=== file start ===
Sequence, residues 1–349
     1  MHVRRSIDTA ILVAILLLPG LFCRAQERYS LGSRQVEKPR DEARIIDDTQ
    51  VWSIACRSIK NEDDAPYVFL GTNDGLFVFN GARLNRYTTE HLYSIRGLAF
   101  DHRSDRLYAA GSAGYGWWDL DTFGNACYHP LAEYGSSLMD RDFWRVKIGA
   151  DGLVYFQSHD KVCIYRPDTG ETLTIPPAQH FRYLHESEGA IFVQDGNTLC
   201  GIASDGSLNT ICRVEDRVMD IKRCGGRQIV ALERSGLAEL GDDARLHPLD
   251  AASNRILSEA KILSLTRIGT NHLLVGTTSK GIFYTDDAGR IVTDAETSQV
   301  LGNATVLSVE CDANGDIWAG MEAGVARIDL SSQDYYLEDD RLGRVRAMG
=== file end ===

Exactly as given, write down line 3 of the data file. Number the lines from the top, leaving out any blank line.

    51  VWSIACRSIK NEDDAPYVFL GTNDGLFVFN GARLNRYTTE HLYSIRGLAF